Getting used to new software often takes time, but if the CRM is clunky and difficult, your employees will become increasingly frustrated rather than more productive. 

Steps to Choosing a CRM

After learning what CRMs can offer, it’s time to make your choice. Follow these steps to reach a decision you won’t regret.

1. Consider Your Company Needs

The features I mentioned earlier may sound amazing, but each comes with a hefty bump in price. Be sure to carefully consider what your company needs to find the best CRM fit.

Start by setting goals for your CRM: find an area of your customer relationship process you want to improve and list the CRM tools that will help you get there. For example, your goal could be to increase lead generation, organize customer data, or improve team efficiency. 

If you think multiple areas of your business could use CRM tools, rank them by priority. Consider what features you’d be willing to trade for others or even the price you’d pay to add something a la carte.

Two other factors that will affect your overall decision are company size and customer base. Some CRMs only allow a certain number of users or can only process so much data without a drop in performance. HubSpot free online CRM, for example, limits you to one million contacts, while Zoho CRM’s search function becomes sluggish beyond 750,000 contacts.

Consider the technological aspect of CRM implementation – do you want in-house software or a cloud-based CRM? A small business’ servers might be able to handle the CRM itself, but if you’re processing millions of customers, a cloud CRM would be more efficient. The nature of your business might also require you to keep customer data confidential.

2. Consider Your Users

Beyond business goals, consider the needs of the employees who’ll use the CRM system daily. This will likely be the marketing, sales, and customer support teams, but could be other departments as well.

Arrange a meeting with reps from these departments and ask what they’d like in their CRM. What features would benefit their work the most? How often might they use the CRM system? Some employees may already have their eye on a system and might pitch it to you.

It’s crucial to have a CRM that matches your employees’ needs, devices, and workstyles.

3. Set Your Budget

Now that you have a clear picture of what CRM features you need, revisit your budget considerations and adjust them accordingly. Having a bidding number ahead of time will prevent you from being swayed by upselling efforts.

On the flip side, some CRM vendors like HubSpot CRM offer free entry-level packages, which could save you a lot of money but may exclude features your business needs.

In addition, consider when you’ll want to pay: are you looking for a one-and-done payment, an annual subscription, or a monthly fee? This will depend on your cash flow, cash on hand, and revenue expectations. A monthly subscription might cost more overall, yet give you the flexibility to change your plan on the fly should the need arise.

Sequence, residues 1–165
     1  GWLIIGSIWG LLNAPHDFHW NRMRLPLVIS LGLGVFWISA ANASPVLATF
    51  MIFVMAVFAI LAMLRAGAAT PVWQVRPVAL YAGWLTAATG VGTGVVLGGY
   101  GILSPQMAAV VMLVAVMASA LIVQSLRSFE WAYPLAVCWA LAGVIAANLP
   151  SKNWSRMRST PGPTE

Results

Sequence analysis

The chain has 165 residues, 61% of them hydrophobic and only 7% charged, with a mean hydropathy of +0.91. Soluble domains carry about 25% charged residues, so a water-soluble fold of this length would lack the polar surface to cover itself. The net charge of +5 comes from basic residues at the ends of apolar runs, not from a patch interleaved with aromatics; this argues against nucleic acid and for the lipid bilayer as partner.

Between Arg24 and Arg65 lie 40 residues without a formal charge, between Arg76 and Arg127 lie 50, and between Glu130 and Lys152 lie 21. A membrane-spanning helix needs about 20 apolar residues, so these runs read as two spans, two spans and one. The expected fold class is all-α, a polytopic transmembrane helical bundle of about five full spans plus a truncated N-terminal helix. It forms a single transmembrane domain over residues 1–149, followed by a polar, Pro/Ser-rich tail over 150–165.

4. Pick Your CRM Provider

With a clear picture of your needs and budget, it’s time to take the plunge. But before you do, go ahead and do some additional online research and reach out to industry friends and acquaintances for advice. 

It might also help to examine the CRM provider – do they have real expertise in your industry? How are their customer reviews and customer service? A decent CRM at a good price means little if the company can’t deliver. 

Keep in mind that most CRM providers offer several package options. If your company is growing, make sure the CRM solution will scale with your operations and that the provider is able to provide additional services in growth areas for your company.

An increasingly important qualification for CRM vendors, especially if you use them for lead generation, is their compliance with privacy laws. Though the US lacks a federal law like Europe’s General Data Protection Regulation (GDPR), California does have its robust Consumer Privacy Act (CCPA). 

Laws like this enable consumers to control the data collected online, including through CRMs. Privacy laws are likely to become more common in the years ahead, so you’ll want a CRM that openly addresses these laws and stays fully compliant. 

5. Test It Out

Once you’ve found a CRM that seems perfect for your needs, schedule a free trial with a sales rep so your staffers can test it out and see if it delivers on its promises. Have your employees evaluate their user experience and make sure it’s compatible with their software, devices, and workstyle. 

If the experience is bumpy, ask the provider if it offers training and post-purchase support. Once you’re confident in your choice, negotiate a deal with the sales rep. Ask if they offer discounts for small businesses or for including add-ons. 

Sales reps want to make deals, so you could save a good chunk of change. Once you’ve come to an agreement, go ahead and finalize. Congratulations on your new CRM!

Conclusion

As a business owner, choosing the right CRM software is a huge decision that should involve a thorough evaluation of your needs, budget, and providers. But if you consider all the factors and follow the steps laid out above, you should end up with a great CRM that streamlines your sales process, boosts customer satisfaction and helps grow your business. Now that’s a win-win-win! 

FAQs

Why is choosing the right CRM system important?

Choosing the right CRM is crucial as it can significantly impact your success. A well-implemented CRM system can streamline sales and marketing, improve customer satisfaction, and boost revenue.

What features and factors should I look at when choosing a CRM system?

The features and factors you should look for in a CRM system will depend on your specific needs. There are three types of CRMs, focusing on collaboration, data analysis, and automating operations.

Some factors to compare are lead generation and management, sales pipeline management, communication facilitation, and marketing automation. You’ll also want to consider the user interface and customer service.